When I finally reached the top of Haystack, two more hikers greeted me. After helping each other out with photos, I found out that the man who took mine was celebrating Mount Haystack as his 46th summit on his 50th birthday! What a great way to complete the last of the High Peaks. I took a few photos from the top of Haystack, then hunkered down on the Southern side of the summit. A nice dip that was protected from the wind made good place to eat some lunch. Two down, 44 to go.
Moments later a handful of other hikers reached the summit, and a group joined me to eat their lunch. They too were seeking a break from the gusts. We talked a bit, and I asked about the unknown peak to the East where, earlier in my hike, I had seen two hikers at the top. They pulled out a map and explained I could take an alternate path back to John Brooks lodge that would let me knock out two more peaks, Basin Mountain and Saddleback Mountain. In that instant, my return hike had changed.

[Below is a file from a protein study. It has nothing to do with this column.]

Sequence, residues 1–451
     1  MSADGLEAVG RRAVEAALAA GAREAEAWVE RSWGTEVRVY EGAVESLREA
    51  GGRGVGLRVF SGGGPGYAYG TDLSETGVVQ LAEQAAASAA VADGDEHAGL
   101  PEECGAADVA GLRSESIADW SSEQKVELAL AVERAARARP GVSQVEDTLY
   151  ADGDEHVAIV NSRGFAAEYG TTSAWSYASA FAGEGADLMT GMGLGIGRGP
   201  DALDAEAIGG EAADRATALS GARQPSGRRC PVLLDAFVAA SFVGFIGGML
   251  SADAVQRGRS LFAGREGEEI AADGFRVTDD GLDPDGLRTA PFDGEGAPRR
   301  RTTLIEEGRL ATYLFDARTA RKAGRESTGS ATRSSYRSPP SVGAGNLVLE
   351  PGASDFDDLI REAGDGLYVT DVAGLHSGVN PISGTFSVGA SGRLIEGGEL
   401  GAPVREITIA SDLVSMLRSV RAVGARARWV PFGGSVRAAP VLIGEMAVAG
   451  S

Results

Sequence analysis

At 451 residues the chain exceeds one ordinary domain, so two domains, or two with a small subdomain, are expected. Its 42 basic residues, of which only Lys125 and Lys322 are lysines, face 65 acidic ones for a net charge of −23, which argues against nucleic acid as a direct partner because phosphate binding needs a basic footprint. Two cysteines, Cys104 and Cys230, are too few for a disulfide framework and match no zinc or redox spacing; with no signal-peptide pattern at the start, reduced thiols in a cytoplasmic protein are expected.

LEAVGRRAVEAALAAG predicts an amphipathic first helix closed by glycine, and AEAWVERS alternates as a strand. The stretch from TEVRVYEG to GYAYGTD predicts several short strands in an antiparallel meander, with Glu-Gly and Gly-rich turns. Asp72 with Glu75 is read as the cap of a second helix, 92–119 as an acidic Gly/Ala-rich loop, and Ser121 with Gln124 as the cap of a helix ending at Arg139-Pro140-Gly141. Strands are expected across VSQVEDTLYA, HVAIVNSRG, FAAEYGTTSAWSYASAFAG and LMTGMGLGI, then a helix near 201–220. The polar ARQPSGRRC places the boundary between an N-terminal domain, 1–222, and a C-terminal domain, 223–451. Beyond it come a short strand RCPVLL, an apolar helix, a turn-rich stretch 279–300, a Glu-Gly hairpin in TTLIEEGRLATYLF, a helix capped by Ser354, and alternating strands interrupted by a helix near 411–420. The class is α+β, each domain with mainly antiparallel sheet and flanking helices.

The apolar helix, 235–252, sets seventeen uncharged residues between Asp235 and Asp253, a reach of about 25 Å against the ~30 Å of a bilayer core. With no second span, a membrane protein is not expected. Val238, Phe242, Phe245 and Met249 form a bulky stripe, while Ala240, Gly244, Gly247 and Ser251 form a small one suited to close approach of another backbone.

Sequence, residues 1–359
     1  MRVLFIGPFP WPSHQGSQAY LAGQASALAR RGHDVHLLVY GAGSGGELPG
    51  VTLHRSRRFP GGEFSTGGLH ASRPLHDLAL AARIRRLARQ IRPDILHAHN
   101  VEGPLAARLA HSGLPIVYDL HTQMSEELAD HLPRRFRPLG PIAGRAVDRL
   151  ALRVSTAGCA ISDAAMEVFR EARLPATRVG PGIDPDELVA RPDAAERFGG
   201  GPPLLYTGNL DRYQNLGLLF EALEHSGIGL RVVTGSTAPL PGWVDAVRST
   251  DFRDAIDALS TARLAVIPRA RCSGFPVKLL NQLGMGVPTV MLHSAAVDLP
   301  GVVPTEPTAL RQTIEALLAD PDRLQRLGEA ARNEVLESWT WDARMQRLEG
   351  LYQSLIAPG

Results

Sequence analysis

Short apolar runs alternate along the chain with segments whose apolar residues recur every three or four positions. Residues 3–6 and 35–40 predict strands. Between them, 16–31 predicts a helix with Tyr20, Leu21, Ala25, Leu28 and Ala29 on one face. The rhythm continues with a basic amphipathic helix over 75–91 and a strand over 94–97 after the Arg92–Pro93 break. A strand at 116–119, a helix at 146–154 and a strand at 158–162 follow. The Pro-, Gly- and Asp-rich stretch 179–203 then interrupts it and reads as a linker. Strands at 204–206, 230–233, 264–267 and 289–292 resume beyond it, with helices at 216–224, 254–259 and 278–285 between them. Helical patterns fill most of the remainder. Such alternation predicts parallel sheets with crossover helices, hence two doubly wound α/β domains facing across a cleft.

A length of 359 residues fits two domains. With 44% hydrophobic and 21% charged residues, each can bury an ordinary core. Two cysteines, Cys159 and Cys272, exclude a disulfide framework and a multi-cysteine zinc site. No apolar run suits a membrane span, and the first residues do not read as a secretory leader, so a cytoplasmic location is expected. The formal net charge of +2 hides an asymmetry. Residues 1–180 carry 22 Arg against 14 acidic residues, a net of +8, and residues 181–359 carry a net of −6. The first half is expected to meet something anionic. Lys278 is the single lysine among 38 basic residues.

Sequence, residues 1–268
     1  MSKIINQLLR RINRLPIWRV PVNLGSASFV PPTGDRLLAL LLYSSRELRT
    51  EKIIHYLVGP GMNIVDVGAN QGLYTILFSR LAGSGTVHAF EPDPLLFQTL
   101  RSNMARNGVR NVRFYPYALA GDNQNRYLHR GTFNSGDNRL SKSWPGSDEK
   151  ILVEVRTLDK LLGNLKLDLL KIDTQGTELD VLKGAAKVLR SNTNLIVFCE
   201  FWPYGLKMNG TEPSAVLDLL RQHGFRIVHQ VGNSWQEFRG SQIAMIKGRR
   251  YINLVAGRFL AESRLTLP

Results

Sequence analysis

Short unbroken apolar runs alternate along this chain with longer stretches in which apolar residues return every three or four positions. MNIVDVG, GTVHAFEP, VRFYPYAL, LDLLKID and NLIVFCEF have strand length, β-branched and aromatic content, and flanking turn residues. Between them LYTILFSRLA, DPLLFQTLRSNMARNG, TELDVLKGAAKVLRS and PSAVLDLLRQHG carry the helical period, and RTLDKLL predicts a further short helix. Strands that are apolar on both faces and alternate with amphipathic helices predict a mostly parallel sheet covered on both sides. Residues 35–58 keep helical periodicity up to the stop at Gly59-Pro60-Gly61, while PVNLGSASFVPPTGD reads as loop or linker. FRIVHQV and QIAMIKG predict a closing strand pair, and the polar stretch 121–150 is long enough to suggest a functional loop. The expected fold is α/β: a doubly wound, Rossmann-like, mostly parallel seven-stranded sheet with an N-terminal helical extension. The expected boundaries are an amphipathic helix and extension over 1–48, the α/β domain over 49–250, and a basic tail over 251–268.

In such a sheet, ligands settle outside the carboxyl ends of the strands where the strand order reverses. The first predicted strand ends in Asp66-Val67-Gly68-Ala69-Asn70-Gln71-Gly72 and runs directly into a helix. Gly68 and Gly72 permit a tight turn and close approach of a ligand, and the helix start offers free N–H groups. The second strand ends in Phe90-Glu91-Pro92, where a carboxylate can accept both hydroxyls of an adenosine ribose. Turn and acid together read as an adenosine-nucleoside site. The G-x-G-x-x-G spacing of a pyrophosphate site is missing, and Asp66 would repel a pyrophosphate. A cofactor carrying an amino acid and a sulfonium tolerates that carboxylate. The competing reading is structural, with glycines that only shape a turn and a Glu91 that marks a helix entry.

The trail to Basin and Saddleback would turn my hike into a loop, but not without challenges. Coming down Haystack was no problem, but I began to tire during Basin’s ascent. Basin offered steeper sections of wet, rock-faced, Adirondack trail, requiring more calculated steps, and occasionally grasping for tree trunks and exposed roots to maintain balance. Hiking with trek poles was not an option on the rock faces, so I strapped them to my pack for most of the climb. I reached the top where a group of three hikers warned me that Saddleback would be a rough one, considerably worse than my hike up Basin. One of the hikers pointed out they had already been to the Basin summit (where we stood) earlier in the day — they chose to backtrack from their summit of Saddleback instead of going down the other side. Another hiker added, “and I was puckering the whole way down”. Yikes.